Mexican states along the border have stopped accepting migrant families returning from the US


Mexico has barred the United States from sending migrant families back across the border, using emergency measures put in place at the start of the pandemic, the Washington Examiner has learned, a development that threatens to exacerbate the border crisis.

The decision to prohibit a great number of non-Mexican migrant families from returning to Mexico is expected to force Border Patrol to release more people into the U.S. because it lacks space at existing facilities to hold the thousands coming into custody daily.

More than 20,000 people were encountered last week in the busiest of the border’s nine regions, the Rio Grande Valley. It marked the most people ever apprehended in a week in the region.

Late last week, Mexico quietly began refusing to accept certain groups of migrant families who were caught at the border. The groups were families taken into custody crossing the border in one area but pushed back into Mexico hundreds of miles away on another part of the border, a senior Customs and Border Protection official told the Washington Examiner, confirming a local report.

For example, because the Tamaulipas state of Mexico across from the Rio Grande Valley of south Texas stopped allowing many families to be returned earlier this year, the Border Patrol began flying migrants to El Paso, Texas. Once in El Paso, the families are pushed back into Mexico. That will no longer be possible, as an unspecified number of Mexican states along the border have stopped accepting families returning from a different state from where they initially crossed.

A spokeswoman for Mexico’s National Institute of Migration declined to comment.

FILE – In this Thursday, Sept. 26, 2019 file photo asylum seekers in Tijuana, Mexico, listen to names being called from a waiting list to claim asylum at a border crossing in San Diego. A federal judge has ruled that a partial ban on asylum doesn’t apply to anyone who appeared at an official border crossing before July 16 to make a claim, a move that could spare thousands of people. The administration said in July that it would deny asylum to anyone who traveled through another country without applying there first. The ban was on hold until the U.S. Supreme Court decided in September that it could take effect during a legal challenge. (AP Photo/Elliot Spagat,File)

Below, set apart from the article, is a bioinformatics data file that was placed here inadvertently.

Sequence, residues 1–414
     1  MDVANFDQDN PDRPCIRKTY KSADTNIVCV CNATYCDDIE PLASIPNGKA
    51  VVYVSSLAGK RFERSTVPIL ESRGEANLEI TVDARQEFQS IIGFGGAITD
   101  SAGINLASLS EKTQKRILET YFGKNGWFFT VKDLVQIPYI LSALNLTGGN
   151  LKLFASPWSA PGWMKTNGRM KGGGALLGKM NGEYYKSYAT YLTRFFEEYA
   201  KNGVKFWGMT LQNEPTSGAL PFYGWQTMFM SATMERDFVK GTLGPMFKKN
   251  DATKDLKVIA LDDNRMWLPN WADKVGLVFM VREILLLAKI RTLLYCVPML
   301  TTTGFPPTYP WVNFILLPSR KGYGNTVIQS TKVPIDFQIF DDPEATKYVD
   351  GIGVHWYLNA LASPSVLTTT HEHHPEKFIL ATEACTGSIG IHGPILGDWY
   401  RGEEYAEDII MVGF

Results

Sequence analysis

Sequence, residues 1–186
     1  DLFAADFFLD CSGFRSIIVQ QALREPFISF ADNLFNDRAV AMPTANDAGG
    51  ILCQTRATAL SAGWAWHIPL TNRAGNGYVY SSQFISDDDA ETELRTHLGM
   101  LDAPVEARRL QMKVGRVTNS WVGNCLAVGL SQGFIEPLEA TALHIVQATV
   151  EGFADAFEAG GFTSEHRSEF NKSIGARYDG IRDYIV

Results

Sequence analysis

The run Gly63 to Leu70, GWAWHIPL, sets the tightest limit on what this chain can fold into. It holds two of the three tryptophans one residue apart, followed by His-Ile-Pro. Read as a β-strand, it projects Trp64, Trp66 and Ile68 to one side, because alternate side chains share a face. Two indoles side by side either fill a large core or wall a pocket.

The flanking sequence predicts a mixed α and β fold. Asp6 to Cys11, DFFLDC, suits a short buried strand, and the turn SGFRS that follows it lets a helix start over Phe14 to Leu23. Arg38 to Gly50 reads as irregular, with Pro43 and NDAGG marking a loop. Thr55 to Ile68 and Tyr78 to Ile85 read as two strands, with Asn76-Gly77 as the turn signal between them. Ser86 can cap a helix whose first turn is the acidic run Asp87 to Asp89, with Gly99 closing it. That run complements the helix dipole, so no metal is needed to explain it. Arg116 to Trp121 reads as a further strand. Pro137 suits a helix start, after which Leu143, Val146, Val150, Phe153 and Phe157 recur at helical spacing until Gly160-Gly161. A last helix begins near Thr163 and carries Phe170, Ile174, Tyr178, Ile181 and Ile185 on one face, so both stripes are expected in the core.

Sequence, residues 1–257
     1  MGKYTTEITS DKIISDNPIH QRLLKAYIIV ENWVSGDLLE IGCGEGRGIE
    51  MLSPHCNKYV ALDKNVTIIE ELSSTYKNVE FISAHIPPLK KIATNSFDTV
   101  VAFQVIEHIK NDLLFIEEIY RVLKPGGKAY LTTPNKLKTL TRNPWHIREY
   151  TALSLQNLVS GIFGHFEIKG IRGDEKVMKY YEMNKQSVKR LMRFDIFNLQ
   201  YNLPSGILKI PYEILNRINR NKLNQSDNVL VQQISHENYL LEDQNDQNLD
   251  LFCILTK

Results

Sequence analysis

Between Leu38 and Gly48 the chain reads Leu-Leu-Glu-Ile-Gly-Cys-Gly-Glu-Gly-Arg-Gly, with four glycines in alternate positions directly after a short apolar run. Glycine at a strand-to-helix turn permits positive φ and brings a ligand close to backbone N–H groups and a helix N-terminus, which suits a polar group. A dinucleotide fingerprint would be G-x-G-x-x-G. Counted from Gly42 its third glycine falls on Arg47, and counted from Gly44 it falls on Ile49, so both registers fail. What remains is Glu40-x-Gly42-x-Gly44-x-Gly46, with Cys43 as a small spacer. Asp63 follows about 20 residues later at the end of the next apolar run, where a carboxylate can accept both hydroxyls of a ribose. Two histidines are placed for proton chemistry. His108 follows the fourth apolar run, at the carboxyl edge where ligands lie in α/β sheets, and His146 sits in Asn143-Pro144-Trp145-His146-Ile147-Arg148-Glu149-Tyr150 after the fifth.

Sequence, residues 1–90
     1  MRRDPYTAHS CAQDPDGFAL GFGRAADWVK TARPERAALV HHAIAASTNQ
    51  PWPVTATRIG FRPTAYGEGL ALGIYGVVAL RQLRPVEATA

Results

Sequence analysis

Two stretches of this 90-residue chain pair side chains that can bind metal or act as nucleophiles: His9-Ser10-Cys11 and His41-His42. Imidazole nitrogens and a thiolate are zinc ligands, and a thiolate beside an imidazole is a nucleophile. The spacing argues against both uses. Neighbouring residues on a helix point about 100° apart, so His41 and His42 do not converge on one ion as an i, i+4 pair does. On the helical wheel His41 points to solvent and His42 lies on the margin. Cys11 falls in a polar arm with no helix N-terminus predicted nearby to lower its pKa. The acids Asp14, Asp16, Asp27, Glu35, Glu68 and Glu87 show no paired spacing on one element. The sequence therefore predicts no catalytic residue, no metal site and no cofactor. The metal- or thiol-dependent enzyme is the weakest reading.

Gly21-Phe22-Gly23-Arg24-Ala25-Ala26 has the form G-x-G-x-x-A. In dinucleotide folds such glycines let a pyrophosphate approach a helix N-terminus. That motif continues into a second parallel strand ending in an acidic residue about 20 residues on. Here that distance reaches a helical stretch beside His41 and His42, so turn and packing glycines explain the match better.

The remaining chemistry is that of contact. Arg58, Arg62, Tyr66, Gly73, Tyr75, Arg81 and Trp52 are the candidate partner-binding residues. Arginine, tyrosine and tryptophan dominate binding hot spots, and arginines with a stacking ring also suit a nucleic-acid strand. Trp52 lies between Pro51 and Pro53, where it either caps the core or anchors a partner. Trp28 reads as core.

As the pandemic struck in March 2020, the U.S. opted to stop taking illegal immigrants into custody and instead began turning them away at the border. Over the past 17 months, hundreds of thousands of people who illegally came over the southern border were sent back to Mexico. The expulsions, known as Title 42, were at the recommendation of the Centers for Disease Control and Prevention and were implemented to avoid placing migrants in cramped facilities where the coronavirus could quickly spread.

The new policies in Mexico mean the situation has changed.

“Mexico won’t accept title 42 from other areas along the border,” the official said.

When Biden took office, Mexico stopped allowing families with older children to be returned to Mexico. It meant Border Patrol could not turn them away, adding to the number of illegal immigrants coming over the border. Biden vowed to stop expelling families but has not done so.

The American Civil Liberties Union sued over Biden’s expulsions of families but paused the legal action after the Biden administration vowed to end it soon. The ACLU moved Monday to bar the U.S. from expelling families, though the move may be irrelevant since Mexico has refused to accept back many migrant families.

The amount of migrants in custody has risen as Mexico began refusing families. On July 31, more than 6,600 migrants were held in border facilities meant to hold fewer than 1,000 people. To process people as they are encountered at the border more efficiently, the Border Patrol is increasingly releasing people and will begin having Immigration and Customs Enforcement, a federal agency responsible for detaining and deporting illegal immigrants, intake people at the border.

ICE has largely avoided detaining families since President Joe Biden took office because the Border Patrol has opted to release people instead of transferring families to ICE, where the families can legally only be held for up to 20 days. ICE has doled out $87 million to hold migrants in hotels for several days before releasing them.

While people who are taken in by the Border Patrol are not required to be given coronavirus tests, ICE will administer tests and provide vaccines

Source: Excelsior

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